Not long into the 80 minutes (or so) running time of Eliza Lynch: Queen of Paraguay, one might wonder if the “whole thing is going to be like this” – this being an aesthetically busy hybrid between straightforward documentary and the kind of lo-fi fictionalisation of history one can expect to find whilst channel-surfing after the latest upgrade to one’s digital television package. Sadly, to the question as to whether Alan Gilsenan’s film will continue in this fashion, the answer turns out to be a resounding and off-putting yes.
Eliza Lynch’s life is something of a curiosity. The basis of Gilsenan’s documentary is a biography written by Irish academics Michael Lillis and Ronan Fanning – the outcome of 18 years of research. Born in Ireland before the halfway point of the nineteenth century, Lynch escaped the famine plaguing her country as a child, and was subsequently brought up by nuns in Paris. Eventually marrying the wealthy Paraguayan military dictator Francisco Solano López, Lynch became an uncrowned national treasure – though her husband’s unsuccessful war with Brazil in the second half of the century ensured a crueller fate.
No subject matter is off-limits in art, and in the hands of a confident enough director, any material can be compelling. On this evidence, though, Gilsenan was presumably torn between not having enough funds at his disposal in order to dramatise Lynch’s life as a period film, and not having enough confidence in the subject. As a result, the director tries to do both: talking heads are interspersed with dramatic soliloquies delivered, by Maria Doyle Kennedy as Lynch, to an imagined listener (and from beyond the grave). Appearing at the top of a stairwell (stately, like plump Buck Mulligan), Lynch tells us she was a woman wronged, and Gilsenan mounts a number of corroborating testimonies from academics, descendants and others to prove the case.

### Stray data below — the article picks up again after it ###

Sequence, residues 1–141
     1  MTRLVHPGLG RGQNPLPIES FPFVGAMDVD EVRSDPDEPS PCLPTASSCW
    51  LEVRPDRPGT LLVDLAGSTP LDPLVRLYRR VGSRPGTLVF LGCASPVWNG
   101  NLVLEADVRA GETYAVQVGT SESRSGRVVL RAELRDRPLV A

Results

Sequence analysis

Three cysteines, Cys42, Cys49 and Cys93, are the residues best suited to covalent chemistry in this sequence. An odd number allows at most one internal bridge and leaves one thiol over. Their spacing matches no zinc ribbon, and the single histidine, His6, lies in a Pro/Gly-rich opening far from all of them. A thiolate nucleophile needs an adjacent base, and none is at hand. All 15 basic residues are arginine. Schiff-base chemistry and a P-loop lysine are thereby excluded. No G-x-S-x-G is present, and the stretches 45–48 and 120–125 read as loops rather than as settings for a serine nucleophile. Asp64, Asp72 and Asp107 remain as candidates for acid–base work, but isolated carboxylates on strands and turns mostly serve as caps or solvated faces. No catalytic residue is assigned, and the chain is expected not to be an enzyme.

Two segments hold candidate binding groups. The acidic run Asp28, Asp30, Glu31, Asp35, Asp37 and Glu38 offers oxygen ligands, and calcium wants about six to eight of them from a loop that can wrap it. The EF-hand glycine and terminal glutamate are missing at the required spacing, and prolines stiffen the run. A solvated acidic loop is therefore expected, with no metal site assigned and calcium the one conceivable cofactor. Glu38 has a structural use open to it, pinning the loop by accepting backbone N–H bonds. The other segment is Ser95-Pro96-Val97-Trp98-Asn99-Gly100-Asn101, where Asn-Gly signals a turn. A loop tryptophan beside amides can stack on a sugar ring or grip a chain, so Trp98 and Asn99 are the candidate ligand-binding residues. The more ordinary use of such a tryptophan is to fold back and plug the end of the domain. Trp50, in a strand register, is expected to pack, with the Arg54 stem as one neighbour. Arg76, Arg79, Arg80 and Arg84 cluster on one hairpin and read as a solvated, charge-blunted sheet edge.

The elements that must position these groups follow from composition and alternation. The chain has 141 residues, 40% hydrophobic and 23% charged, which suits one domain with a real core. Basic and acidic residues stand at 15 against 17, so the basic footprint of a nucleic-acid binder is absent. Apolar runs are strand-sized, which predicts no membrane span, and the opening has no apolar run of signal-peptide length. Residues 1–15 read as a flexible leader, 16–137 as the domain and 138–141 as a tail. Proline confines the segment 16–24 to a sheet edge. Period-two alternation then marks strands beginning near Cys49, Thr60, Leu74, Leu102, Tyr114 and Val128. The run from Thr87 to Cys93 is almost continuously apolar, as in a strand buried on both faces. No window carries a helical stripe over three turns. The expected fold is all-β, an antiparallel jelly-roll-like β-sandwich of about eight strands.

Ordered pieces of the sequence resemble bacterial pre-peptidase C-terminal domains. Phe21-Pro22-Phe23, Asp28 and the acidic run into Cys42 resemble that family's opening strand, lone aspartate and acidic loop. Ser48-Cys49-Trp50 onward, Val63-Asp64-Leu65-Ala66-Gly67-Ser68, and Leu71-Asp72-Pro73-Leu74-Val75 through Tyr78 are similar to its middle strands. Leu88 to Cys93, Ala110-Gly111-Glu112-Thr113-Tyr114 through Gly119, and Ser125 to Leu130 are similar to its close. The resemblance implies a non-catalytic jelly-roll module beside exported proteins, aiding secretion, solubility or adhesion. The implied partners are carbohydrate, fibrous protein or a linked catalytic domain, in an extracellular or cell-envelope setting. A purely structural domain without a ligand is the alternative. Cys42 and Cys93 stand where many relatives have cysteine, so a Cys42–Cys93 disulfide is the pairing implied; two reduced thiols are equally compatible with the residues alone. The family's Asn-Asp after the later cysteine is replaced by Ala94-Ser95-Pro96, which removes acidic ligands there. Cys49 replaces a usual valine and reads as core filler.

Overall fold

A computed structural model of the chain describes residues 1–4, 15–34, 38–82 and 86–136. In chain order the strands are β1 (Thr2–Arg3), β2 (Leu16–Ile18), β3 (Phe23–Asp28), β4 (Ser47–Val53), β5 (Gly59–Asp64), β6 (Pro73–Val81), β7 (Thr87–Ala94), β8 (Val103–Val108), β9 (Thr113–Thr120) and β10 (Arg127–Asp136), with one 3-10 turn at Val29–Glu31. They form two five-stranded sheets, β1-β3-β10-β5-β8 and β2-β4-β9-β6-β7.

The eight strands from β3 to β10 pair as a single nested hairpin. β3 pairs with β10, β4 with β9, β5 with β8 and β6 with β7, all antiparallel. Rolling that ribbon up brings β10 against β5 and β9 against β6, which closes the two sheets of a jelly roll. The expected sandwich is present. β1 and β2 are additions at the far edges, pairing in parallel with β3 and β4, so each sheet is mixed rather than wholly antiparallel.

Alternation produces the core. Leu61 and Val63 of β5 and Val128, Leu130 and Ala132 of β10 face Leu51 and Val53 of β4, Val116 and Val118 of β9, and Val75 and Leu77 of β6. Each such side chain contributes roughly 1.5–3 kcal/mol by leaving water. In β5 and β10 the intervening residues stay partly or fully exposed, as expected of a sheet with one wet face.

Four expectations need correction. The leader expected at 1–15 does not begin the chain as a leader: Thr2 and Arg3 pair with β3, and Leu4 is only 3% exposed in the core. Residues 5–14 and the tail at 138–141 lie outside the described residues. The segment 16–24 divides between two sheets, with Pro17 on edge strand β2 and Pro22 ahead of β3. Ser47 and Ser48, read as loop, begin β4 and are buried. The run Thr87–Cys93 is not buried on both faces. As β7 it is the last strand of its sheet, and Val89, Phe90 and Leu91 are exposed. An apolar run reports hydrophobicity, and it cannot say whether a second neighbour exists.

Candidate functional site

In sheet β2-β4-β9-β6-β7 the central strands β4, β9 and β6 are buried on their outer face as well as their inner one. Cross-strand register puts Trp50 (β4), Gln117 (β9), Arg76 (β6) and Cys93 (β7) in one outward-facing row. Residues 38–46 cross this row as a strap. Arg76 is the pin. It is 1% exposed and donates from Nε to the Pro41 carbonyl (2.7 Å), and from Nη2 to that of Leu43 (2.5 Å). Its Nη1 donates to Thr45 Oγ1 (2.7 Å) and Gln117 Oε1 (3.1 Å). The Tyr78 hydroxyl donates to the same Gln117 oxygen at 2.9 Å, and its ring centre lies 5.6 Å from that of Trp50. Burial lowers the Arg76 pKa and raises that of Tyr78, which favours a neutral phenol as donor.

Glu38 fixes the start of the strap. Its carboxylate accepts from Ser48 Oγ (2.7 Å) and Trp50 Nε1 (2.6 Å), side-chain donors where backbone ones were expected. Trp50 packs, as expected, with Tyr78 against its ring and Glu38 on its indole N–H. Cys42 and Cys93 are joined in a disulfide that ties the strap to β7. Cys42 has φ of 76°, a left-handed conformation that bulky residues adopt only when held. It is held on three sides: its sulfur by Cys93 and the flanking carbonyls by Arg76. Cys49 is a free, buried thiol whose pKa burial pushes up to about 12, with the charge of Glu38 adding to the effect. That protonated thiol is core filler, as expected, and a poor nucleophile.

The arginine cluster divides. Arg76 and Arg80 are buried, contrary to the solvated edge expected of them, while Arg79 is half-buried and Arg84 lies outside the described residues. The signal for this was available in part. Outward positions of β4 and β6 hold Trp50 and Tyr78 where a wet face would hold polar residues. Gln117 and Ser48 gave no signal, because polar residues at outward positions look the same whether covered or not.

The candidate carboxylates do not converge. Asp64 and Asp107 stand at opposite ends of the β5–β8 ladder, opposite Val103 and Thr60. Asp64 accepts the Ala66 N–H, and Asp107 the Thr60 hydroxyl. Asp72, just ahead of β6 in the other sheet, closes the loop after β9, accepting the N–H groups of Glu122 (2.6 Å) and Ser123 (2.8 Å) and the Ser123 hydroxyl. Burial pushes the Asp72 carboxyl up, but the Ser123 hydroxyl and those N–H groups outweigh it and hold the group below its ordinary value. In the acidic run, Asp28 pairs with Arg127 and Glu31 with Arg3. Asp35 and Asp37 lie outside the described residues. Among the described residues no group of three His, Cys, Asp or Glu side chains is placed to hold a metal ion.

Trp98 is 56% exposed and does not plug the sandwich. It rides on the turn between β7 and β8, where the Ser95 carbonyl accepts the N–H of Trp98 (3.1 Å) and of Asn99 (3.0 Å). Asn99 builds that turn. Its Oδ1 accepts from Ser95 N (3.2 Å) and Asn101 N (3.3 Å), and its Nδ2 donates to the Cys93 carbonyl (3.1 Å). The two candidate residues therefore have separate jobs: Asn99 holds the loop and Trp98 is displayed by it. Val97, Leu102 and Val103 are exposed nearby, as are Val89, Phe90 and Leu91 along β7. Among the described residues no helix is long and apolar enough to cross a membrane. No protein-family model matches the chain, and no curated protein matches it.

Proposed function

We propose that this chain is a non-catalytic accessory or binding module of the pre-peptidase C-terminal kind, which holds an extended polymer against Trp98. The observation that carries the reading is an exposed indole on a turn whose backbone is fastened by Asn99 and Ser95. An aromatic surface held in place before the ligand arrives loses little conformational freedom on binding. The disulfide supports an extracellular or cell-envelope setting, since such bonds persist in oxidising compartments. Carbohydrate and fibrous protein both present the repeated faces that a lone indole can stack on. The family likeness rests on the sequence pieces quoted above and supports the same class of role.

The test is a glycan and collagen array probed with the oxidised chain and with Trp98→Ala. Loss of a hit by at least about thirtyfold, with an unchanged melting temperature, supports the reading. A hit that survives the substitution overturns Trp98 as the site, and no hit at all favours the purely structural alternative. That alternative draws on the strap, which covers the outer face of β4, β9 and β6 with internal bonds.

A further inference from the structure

Trouble is, Gilsenan and co. assume Lynch’s arc demands a heavy-handed treatment. There’s scarcely a moment here without musical accompaniment, and the talking heads are filmed, inexplicably, with two-camera set-ups, with Gilsenan cutting from one angle to the next so frequently that you could be watching it on VH1. Maybe this is a preference thing, maybe it isn’t. Crucially, though, the biggest mistake Gilsenan makes is to equate individual psychology with inherently compelling historical drama. But when the war between Paraguay and Brazil is reduced to a single general being “a spoilt brat”, one irrefutable counterargument persists: history, with all its economic bases and social contradictions, is not merely a conspiracy theory.
This review comes from a screening at the 57th BFI London Film Festival 2013 (LFF 2013).